The proceedings will push Kenosha, a city of 100,000, back into the national spotlight. Since last year’s protests, many residents have pushed for a broader reckoning over race and changes to the Police Department, including body cameras and bias training. A county prosecutor declined to criminally charge Rusten Sheskey, the officer who shot Mr. Blake, a decision that caused a ripple of protest in January. Mr. Blake, who was partially paralyzed in the shooting, has moved out of Kenosha, determined never to return, his family said.

The trial of Mr. Rittenhouse is expected to last two to three weeks, with jury selection beginning on Monday.

Lawyers for Mr. Rittenhouse will argue that he was acting in self-defense when he killed Joseph Rosenbaum, 36, who a witness said had reached for Mr. Rittenhouse’s gun and was captured on video pursuing him. As Mr. Rittenhouse fled down the street, he shot two other men in pursuit, killing Anthony Huber, 26, who had tried to strike Mr. Rittenhouse with a skateboard, and wounding Gaige Grosskreutz, a medic from West Allis, Wis.

Mr. Rittenhouse has said that he was in Kenosha the night of Aug. 25 to protect businesses from destruction amid the protests of the police. “This wasn’t him taking potshots at looters,” Corey Chirafisi, a lawyer for Mr. Rittenhouse, said in a court hearing. “Mr. Rosenbaum was chasing him. That started the whole thing.”

Prosecutors contend that Mr. Rittenhouse was an interloper from Antioch, Ill., about a 30-minute drive from Kenosha, who was intent on disrupting protests with violence.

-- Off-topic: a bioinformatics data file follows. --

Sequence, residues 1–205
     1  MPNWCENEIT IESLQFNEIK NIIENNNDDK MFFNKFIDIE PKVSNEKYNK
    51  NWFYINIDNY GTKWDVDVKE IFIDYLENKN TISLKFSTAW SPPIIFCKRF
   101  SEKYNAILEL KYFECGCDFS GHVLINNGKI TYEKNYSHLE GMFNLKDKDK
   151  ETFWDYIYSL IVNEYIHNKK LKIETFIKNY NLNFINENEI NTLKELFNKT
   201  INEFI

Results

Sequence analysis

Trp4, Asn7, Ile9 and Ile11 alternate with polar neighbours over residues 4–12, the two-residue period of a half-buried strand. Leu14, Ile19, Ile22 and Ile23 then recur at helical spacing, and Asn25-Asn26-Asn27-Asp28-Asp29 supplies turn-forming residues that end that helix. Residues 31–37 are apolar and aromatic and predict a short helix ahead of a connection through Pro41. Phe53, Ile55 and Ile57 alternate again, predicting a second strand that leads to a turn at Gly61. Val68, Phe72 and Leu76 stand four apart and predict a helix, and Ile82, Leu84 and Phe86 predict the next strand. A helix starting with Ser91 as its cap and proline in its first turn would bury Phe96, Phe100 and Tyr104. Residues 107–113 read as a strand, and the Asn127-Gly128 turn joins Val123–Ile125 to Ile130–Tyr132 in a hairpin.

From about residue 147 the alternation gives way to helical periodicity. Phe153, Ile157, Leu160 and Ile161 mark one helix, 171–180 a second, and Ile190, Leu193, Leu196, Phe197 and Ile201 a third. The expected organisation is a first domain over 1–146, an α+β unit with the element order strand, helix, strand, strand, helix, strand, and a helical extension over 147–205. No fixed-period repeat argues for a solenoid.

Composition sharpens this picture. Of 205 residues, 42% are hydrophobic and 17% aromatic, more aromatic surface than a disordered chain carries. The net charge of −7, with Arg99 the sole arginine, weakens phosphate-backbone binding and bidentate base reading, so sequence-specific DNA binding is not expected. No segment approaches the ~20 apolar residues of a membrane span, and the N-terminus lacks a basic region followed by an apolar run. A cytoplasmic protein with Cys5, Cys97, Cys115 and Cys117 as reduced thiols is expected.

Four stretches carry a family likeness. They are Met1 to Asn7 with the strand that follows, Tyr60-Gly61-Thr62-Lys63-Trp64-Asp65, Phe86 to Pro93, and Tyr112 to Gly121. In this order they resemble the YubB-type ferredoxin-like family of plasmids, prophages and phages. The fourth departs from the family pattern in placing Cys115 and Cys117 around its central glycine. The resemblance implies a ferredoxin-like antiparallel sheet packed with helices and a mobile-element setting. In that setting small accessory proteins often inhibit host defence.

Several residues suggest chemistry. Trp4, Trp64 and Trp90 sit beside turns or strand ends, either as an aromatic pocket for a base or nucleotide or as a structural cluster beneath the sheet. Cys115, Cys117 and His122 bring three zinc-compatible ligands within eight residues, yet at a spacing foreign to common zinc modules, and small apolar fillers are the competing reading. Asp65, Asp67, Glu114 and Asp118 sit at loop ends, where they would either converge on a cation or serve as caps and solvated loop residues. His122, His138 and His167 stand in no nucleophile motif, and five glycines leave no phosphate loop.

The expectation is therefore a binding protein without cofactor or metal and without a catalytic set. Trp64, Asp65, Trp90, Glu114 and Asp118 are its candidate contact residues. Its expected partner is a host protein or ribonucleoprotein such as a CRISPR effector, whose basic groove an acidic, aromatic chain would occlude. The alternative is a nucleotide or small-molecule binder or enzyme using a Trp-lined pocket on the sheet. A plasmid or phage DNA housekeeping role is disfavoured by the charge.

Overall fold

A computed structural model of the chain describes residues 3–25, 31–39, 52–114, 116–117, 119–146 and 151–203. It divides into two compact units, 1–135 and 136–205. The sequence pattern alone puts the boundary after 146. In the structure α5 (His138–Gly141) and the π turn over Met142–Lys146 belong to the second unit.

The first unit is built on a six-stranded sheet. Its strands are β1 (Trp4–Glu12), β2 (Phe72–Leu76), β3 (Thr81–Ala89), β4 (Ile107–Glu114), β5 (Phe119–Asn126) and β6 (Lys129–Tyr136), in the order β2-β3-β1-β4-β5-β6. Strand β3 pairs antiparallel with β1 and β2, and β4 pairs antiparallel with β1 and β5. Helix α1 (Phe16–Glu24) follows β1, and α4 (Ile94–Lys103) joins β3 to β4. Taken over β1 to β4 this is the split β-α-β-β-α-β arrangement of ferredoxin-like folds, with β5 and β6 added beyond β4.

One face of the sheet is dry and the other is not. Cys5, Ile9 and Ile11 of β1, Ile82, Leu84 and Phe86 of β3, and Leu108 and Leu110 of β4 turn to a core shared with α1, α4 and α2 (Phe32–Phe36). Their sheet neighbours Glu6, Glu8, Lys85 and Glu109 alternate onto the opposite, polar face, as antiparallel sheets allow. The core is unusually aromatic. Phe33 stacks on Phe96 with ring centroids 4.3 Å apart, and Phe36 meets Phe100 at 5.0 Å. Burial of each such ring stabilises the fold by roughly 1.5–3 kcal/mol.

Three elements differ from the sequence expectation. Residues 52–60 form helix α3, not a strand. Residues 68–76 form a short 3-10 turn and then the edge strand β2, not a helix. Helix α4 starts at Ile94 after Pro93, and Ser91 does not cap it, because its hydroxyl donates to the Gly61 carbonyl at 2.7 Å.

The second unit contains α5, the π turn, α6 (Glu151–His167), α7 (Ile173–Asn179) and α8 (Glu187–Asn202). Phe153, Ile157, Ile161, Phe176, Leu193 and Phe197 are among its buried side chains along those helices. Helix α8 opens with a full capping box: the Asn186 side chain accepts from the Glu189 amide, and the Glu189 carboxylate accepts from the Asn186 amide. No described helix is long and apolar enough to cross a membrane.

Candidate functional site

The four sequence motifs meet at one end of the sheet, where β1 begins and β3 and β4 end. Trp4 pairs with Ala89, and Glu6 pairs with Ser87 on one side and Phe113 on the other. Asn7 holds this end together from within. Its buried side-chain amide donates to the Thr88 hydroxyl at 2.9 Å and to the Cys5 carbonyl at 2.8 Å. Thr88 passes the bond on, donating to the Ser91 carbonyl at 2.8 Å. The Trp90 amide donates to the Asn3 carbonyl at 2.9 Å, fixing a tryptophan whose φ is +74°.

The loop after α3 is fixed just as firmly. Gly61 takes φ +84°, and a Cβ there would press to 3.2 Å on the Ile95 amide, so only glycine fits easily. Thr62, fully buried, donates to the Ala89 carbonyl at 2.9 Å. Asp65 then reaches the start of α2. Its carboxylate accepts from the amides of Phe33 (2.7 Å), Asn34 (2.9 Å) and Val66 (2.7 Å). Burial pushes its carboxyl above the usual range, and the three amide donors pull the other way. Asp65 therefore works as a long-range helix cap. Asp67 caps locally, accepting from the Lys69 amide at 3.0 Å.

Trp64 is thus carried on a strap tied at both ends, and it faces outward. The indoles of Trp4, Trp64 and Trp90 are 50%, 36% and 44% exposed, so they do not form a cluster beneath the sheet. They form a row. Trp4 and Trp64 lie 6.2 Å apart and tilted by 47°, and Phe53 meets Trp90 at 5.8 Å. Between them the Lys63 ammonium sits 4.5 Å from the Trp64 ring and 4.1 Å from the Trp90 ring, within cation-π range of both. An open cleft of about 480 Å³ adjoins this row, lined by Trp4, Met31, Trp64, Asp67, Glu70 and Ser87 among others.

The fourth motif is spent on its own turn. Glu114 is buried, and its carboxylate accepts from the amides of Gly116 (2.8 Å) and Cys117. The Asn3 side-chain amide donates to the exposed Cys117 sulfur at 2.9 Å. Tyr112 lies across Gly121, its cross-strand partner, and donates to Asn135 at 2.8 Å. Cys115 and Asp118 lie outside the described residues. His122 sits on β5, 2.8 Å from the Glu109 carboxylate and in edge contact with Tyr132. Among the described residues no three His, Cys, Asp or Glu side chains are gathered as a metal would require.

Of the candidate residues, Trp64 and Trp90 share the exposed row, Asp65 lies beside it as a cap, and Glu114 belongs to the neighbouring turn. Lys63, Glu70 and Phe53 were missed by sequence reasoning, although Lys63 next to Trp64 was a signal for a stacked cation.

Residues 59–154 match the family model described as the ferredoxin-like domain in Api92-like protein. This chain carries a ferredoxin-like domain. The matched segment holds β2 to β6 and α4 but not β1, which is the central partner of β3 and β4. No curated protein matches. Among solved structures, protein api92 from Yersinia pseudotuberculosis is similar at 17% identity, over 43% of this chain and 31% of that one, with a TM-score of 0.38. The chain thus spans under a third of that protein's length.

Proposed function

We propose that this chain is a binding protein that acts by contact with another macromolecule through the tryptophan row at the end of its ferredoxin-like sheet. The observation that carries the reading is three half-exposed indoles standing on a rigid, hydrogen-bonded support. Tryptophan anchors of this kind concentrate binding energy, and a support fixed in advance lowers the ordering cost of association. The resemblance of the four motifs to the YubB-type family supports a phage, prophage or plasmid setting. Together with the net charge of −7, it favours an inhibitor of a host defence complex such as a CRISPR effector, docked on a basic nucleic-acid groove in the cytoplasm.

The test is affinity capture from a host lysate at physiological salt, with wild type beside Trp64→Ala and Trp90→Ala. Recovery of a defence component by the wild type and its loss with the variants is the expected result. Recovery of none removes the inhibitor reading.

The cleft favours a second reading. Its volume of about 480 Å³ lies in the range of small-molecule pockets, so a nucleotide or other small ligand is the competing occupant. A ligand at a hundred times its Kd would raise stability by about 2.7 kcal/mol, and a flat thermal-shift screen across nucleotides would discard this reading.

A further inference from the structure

“The defendant came to our community,” Thomas Binger, an assistant district attorney, said during a recent pretrial hearing on the case. “He’s not a resident, he’s underage, he’s out after curfew, he’s armed with an illegal weapon. Why? That is the question.”

Jurors in Kenosha County will be asked to revisit the events of that night and decide whether Mr. Rittenhouse, who is now 18, was acting reasonably when he used lethal force during a confrontation.

Under Wisconsin law, someone can lawfully use deadly force only if he or she “reasonably believes that such force is necessary to prevent imminent death or great bodily harm to himself or herself.” In Wisconsin, there is no “duty to retreat” before using force, and prosecutors will have to convince the jury that Mr. Rittenhouse’s belief was unreasonable. In a question unrelated to self-defense, Mr. Rittenhouse also faces an illegal possession charge; minors in Wisconsin are not allowed to possess firearms or carry them in public, with certain exceptions for hunting.